314 LECTURE LlX. would be comparatively well if it were. But too often intoxication is the inlet to licentious and impure conversation; to profligate and obscene songs; to slander and abuse even of the best and most venerated characters ; to the treacherous and injurious betraying of secrets (which it is sometimes, indeed, the means employed for detecting); to impious and heaven daring profanities and blasphemies, oaths and curses, and reckless jestings at sacred tilings. These form the frightful compound, amidst growing confusion, and riot, and violence, of the drunken revel. When a man is in his cups, " perverse things" may find utterance, such as will cost him many an hour and many a day of bitter suffering; such as he would cheerfully give all that he is worth to be able to recall ; but such as he regrets to no purpose, the utterance and the consequences being alike irretrievable. The 34th and 35th verses describe the lowest point in the descending scale of the detestable and loathsome vice - the state of drunken stupor and insensibility. The man reduced to tins condition, when he begins to awake from it, wonders where he has been, and wonders no less to find himself where he is; and he shudders with horror to think of the imminent perils by which, when he knew it not, he has been surrounded. How strange must be the feelings of him who, while sunk in a profound sleep, has been launched alone on the deep, and on waking finds himself there, in this dangerous solitude ; or who, while his senses have, in like manner, been locked up, has been laid, insensible, on the masthead, and opens his eyes to his unwonted and unaccountable position? - Thus it is with the drunkard. When he is informed, on his reason returning to him, - after he has slept away the fumes of his miserable debauch, - where he has been, and what he has said and done, - he startles in astonishment, incredulity, and self-reproach; but he recollects
nothing of it. What a graphic delineation we have, in the last verse, of a drunkard beginning to recover ! - When he has passed through the different stages, of violent excitation, and of subsequent unconscious impotence ; - the vacant stare, - the stammering speech, - the double vision, - the falling
PROVERBS XXIII. 29-35. 315 jaw, - the reeling step ; - when he has fallen, and, on attempting to rise, has fallen irrecoverably again ; - has been carried senseless to bed, and has fallen into a profound and beastly sleep : - here he is before you - beginning to awake ; - feeling his contusions and wounds, and wondering where and how he can have got them ; stiff and sore ; trying to raise or to stretch himself; scarcely believing that he is not still asleep; yawning and listless, in that state of intolerable languor which is said to succeed the fits of high and fevered excitement ! A most wretched state of remorse, and regret, and bitter reflection, and anticipated and dreaded evils; and yet - accompanied with the unendurable craving and longing for the necessary stimulus, - a craving, which is, alas! so seldom effectually resisted and subdued - " i" ivill seek it yet again." The language of the thirty-second verse - "At the last it biteth like a serpent, and stingeth like an adder" may be applied to all the subsequent effects together of this sin ; - all the misery of an awakened conscience, - of keen self-reproach, - of corporeal and mental suffering, - of domestic discomfort, - of the loss of reputation, credit, health, life, soul, - all may be comprehended in this emphatic similitude. - my friends, let us not forget, especially, the last of this sad series of particulars ! The drunkard destroys his soul. The temporal evils that result from the course he pursues are many and deeply deplorable. But ! what is any, what are all of them, compared with this! - compared with the spiritual desolation winch this sin spreads around it, and the irretrievable ruin of everlasting interests, in which it terminates ! Think of the deathbed of the drunkard, - a deathbed to which, it may be, his criminal and infatuated indul-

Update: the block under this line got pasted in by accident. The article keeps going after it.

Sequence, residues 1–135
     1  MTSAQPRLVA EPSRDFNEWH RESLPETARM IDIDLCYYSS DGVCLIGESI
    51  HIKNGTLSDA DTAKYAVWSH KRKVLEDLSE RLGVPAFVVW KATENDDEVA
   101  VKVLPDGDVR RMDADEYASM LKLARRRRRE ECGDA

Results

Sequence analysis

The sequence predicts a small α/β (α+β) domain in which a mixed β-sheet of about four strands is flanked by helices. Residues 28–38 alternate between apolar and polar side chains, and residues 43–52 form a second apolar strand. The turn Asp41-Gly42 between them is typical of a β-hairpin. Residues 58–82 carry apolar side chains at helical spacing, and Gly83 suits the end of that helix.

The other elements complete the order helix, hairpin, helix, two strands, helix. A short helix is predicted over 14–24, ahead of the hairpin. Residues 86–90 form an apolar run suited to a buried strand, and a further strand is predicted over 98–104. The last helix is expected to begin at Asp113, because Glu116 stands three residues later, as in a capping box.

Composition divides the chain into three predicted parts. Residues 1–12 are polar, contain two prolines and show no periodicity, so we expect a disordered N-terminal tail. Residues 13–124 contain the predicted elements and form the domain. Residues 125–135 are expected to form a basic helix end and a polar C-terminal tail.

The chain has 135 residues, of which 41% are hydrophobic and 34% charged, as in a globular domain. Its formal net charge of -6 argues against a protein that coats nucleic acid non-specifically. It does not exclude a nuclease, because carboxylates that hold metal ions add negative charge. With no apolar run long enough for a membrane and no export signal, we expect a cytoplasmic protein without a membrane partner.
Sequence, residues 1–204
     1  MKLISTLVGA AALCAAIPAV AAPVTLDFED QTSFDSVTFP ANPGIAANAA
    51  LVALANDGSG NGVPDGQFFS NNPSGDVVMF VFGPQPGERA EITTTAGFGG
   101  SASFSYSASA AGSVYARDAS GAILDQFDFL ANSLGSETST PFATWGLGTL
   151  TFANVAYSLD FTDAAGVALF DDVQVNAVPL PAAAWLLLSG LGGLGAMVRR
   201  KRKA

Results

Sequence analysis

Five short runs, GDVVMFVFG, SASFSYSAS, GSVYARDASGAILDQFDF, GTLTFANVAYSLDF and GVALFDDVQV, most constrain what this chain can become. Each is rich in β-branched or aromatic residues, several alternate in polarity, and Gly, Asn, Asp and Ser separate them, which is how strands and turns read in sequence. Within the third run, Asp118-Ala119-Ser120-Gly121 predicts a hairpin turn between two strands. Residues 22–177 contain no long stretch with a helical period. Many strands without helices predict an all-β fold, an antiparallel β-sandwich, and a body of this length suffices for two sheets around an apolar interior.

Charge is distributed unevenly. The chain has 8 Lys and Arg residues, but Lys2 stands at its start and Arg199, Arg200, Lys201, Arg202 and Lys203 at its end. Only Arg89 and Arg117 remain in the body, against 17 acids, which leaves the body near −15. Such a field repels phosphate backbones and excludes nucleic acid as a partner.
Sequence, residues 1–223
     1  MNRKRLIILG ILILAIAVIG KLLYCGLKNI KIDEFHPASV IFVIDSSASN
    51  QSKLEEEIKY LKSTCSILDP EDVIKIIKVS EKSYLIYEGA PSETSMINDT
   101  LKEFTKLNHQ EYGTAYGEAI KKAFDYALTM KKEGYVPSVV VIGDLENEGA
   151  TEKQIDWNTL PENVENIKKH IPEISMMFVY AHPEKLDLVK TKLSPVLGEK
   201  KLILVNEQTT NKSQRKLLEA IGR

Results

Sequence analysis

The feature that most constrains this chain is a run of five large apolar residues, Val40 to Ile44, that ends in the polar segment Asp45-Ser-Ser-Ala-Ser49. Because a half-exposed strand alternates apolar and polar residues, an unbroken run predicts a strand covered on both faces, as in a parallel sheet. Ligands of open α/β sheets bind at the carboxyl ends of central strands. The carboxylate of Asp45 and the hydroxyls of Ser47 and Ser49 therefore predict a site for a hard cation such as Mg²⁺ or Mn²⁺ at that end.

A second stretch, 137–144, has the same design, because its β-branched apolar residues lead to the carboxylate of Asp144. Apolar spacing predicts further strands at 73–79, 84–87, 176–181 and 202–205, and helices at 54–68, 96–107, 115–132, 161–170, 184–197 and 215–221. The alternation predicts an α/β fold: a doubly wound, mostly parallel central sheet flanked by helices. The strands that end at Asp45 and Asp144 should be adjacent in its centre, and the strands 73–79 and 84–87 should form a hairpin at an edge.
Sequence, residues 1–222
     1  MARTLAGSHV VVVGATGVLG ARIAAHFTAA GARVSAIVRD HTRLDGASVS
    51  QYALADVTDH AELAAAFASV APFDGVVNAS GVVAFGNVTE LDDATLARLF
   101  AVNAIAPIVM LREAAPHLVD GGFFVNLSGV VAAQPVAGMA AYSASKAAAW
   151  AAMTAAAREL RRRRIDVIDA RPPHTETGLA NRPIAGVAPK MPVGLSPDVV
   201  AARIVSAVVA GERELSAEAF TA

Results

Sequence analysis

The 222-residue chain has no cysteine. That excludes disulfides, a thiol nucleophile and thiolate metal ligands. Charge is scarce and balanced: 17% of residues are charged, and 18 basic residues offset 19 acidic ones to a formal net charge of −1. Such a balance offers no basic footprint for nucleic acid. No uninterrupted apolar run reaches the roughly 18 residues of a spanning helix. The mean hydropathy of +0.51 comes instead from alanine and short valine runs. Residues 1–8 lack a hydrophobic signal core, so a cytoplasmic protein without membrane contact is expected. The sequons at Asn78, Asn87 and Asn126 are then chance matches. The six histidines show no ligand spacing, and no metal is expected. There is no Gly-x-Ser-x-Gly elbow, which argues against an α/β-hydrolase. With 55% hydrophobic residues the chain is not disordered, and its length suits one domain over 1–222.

gence has contributed prematurely to bring him ! He has lived "without God," and he dies "without hope." He quits the world in the horrors of despair, or in the hardly less fearful insensibility of a seared conscience, an exhausted mind, and a heart drugged into apathy by "strong delusion." He leaves behind him a ruined character, a ruined fortune, and, it may be, (no thanks to him if it is otherwise,) a ruined family ; - and his ruined self plunges into hell !
316 LECTURE LIX. I use this strong language freely and boldly, because I have formerly shown you how decidedly I am borne out in the use of it, by the positive assurances and awful denunciations of God's word. I have shown you, that by the express and irrevocable sentence of the Judge of all, intemperance is one of the sins which indicate a heart unrenewed by divine grace, and which finally exclude from "the kingdom of heaven." that I could impress the fearful truth, with practically dissuasive power, on the consciences and hearts of all ! The renunciation of the vice, where it has been practised, is one of the essential evidences of conversion to God : - " Such were some of you : but ye are washed, but ye are sanctified, but ye are justified in the name of the Lord Jesus, and by the Spirit of our God," 1 Cor. vi. 11. It follows that no one belongs to the number of the " washed and sanctified and justified," who belongs to the class of drunkards. And from this it further follows, that none such should ever be admitted to the fellowship of the church below, seeing they stand excluded from the church above; but must be kept out and cast out ! well might Solomon say, with all the emphasis of pointed and affectionate warning - " Look not thou upon the wine when it is red, when it giveth his colour in the cup, when it moveth itself aright." The look forbidden is the look that springs from and provokes desire. There is always danger in looking at a tempting object It was when Eve looked on the tempting fruit that she fell. The man who looks on the wine with special pleasure, when it sparkles and mantles